On average, kids consume snacks three times a day with 27% of their daily calories coming from all those between-meal nibbles. When children are offered things like fruits, vegetables, whole grains, and calcium-rich yogurt, snack time provides the perfect opportunity for exposing them to new tastes, textures, and the nutrients that may be missing from their diets.
Swap salty chips, candy, and sugar-sweetened beverages for foods that bring good nutrition to a child’s day.
Think of snacks as nutritious mini meals that stave off hunger without ruining appetites.
PART 3: Give Snacks a Healthy Makeover
I can’t recall a day when my kids came home from school and announced, “I’m not hungry.” Quite the contrary! Kids are usually famished when they get off the school bus or the soccer field, which is actually a win-win for parents, since hungry kids are more likely to gobble up whatever is placed in front of them.
The 5 simple snack makeover strategies below should get you well on your way to giving your family a healthy snack makeover. Now is the time to establish good eating habits, and the right kinds of snacks can help you achieve that goal.
1. Choose Convenience Snacks Wisely: Get away from heavily processed snack foods made with ingredients that bring sodium, saturated fat, and little to no nutrition to the diet, and instead, look for grab-and-go snacks brimming with good nutrition. Some of my go-to recommendations include unsweetened mini applesauce and fruit cups, whole grain popcorn (for kids 5 years or older), baby carrots and celery sticks with dip, mini hummus cups, sweet potato chips, and mini yogurts like Chobani Kids® Greek Yogurt Pouches and Tubes. They’re made with only natural ingredients blended with low-fat milk, and they have 25% less sugar and twice the amount of protein compared to the leading kids’ yogurt.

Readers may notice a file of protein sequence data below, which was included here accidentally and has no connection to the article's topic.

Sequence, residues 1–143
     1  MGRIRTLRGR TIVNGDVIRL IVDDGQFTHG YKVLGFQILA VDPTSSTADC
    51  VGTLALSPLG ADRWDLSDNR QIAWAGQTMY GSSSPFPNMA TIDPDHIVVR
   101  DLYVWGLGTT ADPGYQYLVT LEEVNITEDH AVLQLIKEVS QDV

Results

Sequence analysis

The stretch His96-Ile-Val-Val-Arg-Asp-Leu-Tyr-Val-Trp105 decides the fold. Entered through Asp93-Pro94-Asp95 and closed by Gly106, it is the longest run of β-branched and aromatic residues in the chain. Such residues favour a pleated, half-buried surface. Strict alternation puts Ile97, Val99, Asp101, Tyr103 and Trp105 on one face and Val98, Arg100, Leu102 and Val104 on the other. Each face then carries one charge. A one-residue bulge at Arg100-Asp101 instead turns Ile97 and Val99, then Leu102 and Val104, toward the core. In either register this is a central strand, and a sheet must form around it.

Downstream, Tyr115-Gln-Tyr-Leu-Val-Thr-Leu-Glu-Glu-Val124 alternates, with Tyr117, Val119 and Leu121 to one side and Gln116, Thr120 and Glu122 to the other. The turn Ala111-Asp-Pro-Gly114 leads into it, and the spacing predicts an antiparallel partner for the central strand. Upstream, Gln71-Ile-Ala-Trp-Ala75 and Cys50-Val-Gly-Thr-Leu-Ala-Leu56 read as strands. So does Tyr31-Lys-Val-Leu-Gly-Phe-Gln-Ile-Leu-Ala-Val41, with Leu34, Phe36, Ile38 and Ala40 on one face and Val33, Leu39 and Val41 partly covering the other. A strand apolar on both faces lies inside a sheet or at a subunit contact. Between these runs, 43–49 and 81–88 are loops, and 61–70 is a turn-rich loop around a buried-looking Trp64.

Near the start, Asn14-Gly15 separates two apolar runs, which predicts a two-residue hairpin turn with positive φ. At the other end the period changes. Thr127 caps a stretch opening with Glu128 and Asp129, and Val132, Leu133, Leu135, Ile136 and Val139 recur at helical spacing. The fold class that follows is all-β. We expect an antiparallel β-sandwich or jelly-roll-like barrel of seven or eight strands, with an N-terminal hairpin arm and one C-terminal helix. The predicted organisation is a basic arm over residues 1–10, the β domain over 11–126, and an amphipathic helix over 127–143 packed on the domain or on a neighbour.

You can freeze the yogurt tubes and then pack ’em in a lunchbox or serve up after school.
I created this blog content in partnership with Chobani Kids® Greek Yogurt Pouches and Tubes. I was compensated for my work, and as always, all opinions are my own.
2. Add Kid Appeal to Fruits and Vegetables: Bring fun and whimsy to fruits and veggies to entice kids to eat them. Serve up a veggie platter filled with bell pepper strips, baby carrots, and cucumber wheels with a delicious yogurt-based dip, guacamole, or hummus for dipping. Get silly with fruit by serving berries, melon, and grape halves kebab style on frilly toothpicks or make my Peanut Butter Smiley Faces with whole wheat English muffins, peanut butter, and cut up fruit.
3. Be a Smart Slurper: Avoid sugar-sweetened juice “drinks,” soft drinks, and sports drinks. They’re filled with added sugar and bring little to no nutritional value to the diet. Stick to water, low-fat milk, and 100% fruit juice. But keep juice to a minimum. The Academy of Pediatrics recommends a limit of 4 to 6 ounces for children ages 1 to 6 and 8 to 12 ounces for older kids, ages 7 to 18.
4. Fill in Nutrient Gaps with Healthy Snacks: Take a look at your child’s diet and identify what’s missing. Not getting enough calcium? Turn to yogurt snacks like Chobani Kids® Greek Yogurt Pouches and Tubes. Does your child need more fiber to help promote regular bowel habits? Choose fruits, vegetables, whole grains, beans, nuts, and seeds.
5. Watch Portion Sizes: Serve kid-size snack portions (see chart above) to stave off hunger without ruining your child’s appetite for their next meal. Bear in mind that serving sizes have increased over the years. For example, 20 years ago a bagel was 3 inches in diameter and provided 140 calories. Now, the standard is a 6-inch bagel with 350 calories. For young ones it may be that a quarter or a half of a whole wheat bagel or a mini whole wheat bagel is an appropriate portion.
What are some of your go-to snack foods for kids? How do you fill in the nutritional gaps in their day?